The last twelve months of Adam Lyth’s career have brought him everything a batsman could wish for – a mountain of runs, a County Championship winner’s medal, and most recently, a Wisden Cricketer of the Year award – except an England place. The early indications from the tour match against a hopeless St Kitts and Nevis invitational XI are that Jonathan Trott will partner Alastair Cook in the upcoming Test series. The Yorkshire opener could have done nothing more than he has to force his way in – including a brilliant century in front of the England captain in Abu Dhabi – but it seems that it is just not going to be enough.
Jonathan Trott’s return to the England fold following the stress-related illness that ended his Ashes tour prematurely is both welcome and deserved. He made runs for Warwickshire in county cricket, made a double-century for the England Lions, and racked up an easy fifty against the St Kitts side. Gary Ballance has usurped Trott’s old position at number three with convincing performances in the last Test summer, but Trott has found a new home against the new ball; his record, form and experience all suggest that he has the ingredients of a successful opening batsman.
Whether that makes him a better option than Lyth, a lifelong opener in first-class cricket who outscored everyone else in division one of the County Championship in 2014, remains to be seen. Whether the West Indies tour will be an adequate gauge of who should open for England in the next Ashes series is another pertinent question. Colin Graves’ description of the West Indies team England will face as “mediocre” has been criticised as disrespectful and likened by Tony Cozier to Tony Grieg’s infamous boast that he would make the West Indians “grovel”, but they are nothing of the sort – it is simply true that West Indies have faded away at a remarkably rapid rate in recent years.
That is not to say the West Indies should be taken lightly – they beat England on their last visit, and have a few fine players who could cause an upset if they all perform well – but Graves is right to say that England should win. West Indian pitches, combined with the current crop of West Indian bowlers, no longer represent the threat they once did. Spin is likely to play an important part in deciding the course of the series.
This is good news for the openers who do get the nod, presumably Cook and Trott. Both men will have a chance to guarantee their Test future with runs in this series, as neither can be certain bets to face Australia in Cardiff when the Ashes merry-go-round returns. For Lyth, it could be a frustrating few months.
If Alastair Cook weren’t England captain, his position would have to be under threat from Lyth. Even though he has 25 Test hundreds, he hasn’t recorded three figures in nearly two years, when Nick Compton was his partner. Joe Root, Michael Carberry, and Sam Robson have all been tried and ditched since that Test; two of them reached centuries of their own. In a world where Kevin Pietersen with his 23 Test hundreds can be exiled from the team, Alastair Cook should be feeling a little bit vulnerable. While his captaincy has been unfairly criticised at times, it is true that he doesn’t add enough value as captain to make his runs dispensable.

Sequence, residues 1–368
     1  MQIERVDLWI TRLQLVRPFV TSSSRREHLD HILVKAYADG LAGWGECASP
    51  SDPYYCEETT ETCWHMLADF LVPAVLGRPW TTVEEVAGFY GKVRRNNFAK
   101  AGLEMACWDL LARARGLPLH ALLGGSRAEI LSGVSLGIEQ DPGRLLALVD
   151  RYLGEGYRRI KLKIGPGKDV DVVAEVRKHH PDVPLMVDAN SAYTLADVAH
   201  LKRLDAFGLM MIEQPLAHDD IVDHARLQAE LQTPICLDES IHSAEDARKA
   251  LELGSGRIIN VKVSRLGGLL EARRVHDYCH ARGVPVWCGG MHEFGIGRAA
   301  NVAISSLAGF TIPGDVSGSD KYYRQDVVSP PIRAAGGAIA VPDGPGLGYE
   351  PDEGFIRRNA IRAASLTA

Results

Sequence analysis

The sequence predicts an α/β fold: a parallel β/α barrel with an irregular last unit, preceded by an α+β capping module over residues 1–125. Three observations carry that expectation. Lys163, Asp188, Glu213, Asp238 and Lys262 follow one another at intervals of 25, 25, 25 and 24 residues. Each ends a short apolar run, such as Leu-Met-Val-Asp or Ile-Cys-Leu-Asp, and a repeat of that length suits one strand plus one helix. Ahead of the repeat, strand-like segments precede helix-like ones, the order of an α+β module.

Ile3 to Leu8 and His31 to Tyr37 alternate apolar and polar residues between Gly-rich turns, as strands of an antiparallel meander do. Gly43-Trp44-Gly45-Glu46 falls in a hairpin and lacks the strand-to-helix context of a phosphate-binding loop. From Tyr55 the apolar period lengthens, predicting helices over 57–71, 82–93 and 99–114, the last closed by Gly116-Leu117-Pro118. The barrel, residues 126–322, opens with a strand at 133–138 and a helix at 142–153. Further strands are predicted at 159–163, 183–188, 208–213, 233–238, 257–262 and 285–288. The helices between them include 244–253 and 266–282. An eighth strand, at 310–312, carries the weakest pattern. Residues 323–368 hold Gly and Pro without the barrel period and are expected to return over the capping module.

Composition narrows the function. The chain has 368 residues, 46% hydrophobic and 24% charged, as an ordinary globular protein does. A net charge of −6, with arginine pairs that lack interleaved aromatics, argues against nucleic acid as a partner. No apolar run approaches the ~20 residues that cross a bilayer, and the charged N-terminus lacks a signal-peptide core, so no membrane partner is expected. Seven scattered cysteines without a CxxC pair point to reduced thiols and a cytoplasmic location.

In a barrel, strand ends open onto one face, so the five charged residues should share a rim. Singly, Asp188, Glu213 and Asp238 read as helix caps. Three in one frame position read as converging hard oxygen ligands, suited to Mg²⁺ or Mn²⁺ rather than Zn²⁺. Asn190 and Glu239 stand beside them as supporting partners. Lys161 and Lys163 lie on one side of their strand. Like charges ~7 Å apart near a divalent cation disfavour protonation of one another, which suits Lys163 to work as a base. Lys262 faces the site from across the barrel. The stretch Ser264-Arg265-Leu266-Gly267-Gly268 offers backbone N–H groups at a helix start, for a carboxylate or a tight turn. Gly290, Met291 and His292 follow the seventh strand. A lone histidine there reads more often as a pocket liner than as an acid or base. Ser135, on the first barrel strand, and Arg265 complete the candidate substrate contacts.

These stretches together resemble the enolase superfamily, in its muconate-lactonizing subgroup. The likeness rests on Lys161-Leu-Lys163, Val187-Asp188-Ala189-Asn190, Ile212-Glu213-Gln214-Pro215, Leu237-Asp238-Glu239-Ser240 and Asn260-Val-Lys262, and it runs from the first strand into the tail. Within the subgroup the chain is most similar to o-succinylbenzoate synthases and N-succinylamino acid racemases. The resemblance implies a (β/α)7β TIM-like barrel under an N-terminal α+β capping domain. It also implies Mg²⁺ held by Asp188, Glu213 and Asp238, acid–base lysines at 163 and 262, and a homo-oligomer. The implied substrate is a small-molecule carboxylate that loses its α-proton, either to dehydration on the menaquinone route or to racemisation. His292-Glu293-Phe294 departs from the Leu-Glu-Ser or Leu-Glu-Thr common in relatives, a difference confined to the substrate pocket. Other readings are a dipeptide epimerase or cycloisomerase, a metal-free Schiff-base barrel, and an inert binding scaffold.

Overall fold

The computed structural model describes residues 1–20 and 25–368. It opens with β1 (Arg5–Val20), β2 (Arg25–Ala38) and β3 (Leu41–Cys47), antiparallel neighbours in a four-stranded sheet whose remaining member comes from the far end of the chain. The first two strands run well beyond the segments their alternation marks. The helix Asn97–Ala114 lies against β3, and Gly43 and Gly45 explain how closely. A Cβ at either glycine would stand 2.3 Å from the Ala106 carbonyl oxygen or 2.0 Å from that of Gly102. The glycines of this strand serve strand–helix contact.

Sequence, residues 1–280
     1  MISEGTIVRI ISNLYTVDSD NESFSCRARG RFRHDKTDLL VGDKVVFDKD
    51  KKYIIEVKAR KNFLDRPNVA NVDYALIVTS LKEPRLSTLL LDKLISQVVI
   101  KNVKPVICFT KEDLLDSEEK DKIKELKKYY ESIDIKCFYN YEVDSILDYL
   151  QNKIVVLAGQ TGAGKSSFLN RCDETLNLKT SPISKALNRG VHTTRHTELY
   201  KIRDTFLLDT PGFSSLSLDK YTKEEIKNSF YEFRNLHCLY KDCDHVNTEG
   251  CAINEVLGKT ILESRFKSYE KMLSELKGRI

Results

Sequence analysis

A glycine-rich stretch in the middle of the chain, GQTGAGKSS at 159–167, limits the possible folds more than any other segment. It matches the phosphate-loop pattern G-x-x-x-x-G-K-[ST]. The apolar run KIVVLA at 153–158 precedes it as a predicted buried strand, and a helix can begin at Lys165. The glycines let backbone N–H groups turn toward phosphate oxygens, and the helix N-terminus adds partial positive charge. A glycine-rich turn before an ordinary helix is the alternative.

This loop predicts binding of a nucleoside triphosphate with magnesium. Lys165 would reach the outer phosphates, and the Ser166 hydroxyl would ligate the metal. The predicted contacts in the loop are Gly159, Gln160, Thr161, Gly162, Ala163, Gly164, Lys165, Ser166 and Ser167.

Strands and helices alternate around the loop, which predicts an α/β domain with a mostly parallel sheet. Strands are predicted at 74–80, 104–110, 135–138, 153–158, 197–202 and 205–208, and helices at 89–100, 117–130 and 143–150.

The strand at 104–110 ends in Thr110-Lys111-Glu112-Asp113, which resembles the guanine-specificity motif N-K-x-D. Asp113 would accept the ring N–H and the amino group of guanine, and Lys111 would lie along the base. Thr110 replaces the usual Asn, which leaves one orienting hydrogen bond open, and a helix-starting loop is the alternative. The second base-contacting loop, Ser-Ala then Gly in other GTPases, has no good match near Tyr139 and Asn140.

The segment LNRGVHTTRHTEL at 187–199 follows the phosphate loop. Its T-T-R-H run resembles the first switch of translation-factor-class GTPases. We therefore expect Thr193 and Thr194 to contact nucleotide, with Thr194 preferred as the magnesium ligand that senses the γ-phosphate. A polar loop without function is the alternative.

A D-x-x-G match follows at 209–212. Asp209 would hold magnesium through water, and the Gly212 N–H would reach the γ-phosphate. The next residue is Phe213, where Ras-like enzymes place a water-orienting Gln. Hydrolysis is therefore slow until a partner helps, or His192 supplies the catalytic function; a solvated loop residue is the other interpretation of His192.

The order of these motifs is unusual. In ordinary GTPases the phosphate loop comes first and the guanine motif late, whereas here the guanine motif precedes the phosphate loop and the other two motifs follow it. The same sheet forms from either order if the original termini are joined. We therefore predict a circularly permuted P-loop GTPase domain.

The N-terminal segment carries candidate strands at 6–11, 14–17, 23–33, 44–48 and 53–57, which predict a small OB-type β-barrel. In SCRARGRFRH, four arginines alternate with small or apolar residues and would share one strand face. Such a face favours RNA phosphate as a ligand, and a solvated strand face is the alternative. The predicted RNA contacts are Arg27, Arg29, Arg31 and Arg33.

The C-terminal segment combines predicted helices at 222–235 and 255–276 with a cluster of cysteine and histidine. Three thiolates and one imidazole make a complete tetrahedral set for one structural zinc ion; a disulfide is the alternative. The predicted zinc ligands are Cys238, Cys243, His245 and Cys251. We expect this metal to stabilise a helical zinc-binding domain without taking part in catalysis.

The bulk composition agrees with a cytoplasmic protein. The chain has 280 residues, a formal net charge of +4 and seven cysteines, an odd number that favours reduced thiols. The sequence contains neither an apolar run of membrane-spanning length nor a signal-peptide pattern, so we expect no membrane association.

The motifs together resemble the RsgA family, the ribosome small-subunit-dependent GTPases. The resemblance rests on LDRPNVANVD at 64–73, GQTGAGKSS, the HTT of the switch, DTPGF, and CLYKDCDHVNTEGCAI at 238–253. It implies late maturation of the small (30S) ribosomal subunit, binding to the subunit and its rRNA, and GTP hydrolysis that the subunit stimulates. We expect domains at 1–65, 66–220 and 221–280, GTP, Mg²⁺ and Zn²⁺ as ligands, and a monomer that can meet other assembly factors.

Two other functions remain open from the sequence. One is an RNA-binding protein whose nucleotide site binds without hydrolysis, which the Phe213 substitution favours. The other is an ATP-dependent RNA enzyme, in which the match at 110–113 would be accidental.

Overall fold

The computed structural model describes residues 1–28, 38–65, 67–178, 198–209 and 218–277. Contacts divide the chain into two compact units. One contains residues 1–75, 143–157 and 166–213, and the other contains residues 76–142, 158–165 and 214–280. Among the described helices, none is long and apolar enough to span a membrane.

Based purely on the evidence of the past year (and how far back should we go for evidence), Lyth would score more runs than Cook this summer. And runs are what England desperately need. Lyth is comfortable against pace and spin, as well as being a world-class slip fielder, which England have missed since the retirement of Marcus Trescothick. England have got rid of Kevin Pietersen’s experience – his Test return remains a chimerical prospect; they may well feel unable to justify taking a further gamble by dropping Cook for Lyth.
Lyth might be carrying drinks on the West Indies tour, but at least he’ll have many of his Yorkshire colleagues for company: Jonny Bairstow is understudy to favoured keeper Jos Buttler, Liam Plunkett may well be left out for Chris Jordan or Mark Wood, and Adil Rashid was outbowled by James Tredwell in the practice match. While Yorkshire coach Jason Gillespie has said that six of their players making the touring squad is a positive thing for the White Rose county, if four of them don’t even get a Test, it is bound to be a little frustrating. Yorkshire have a strong academy, but he would prefer to have as many of his senior players available as aren’t playing Test cricket.
Individually, it is understandable why England want Rashid, Plunkett, Bairstow and Lyth on the tour, as back-ups and alternative options. But for Yorkshire to face the first few games of their Championship defence with a decimated first-team is a tough proposition. Rashid might get in ahead of Tredwell on county form; Plunkett might find a space for himself at eight or nine, his pace might secure him a spot. But all signs point to Adam Lyth – Wisden cricketer of the year, Yorkshire’s hero, County Champion – being left out of the first Test. His admirers, and England’s supporters, may be left wondering “What if…”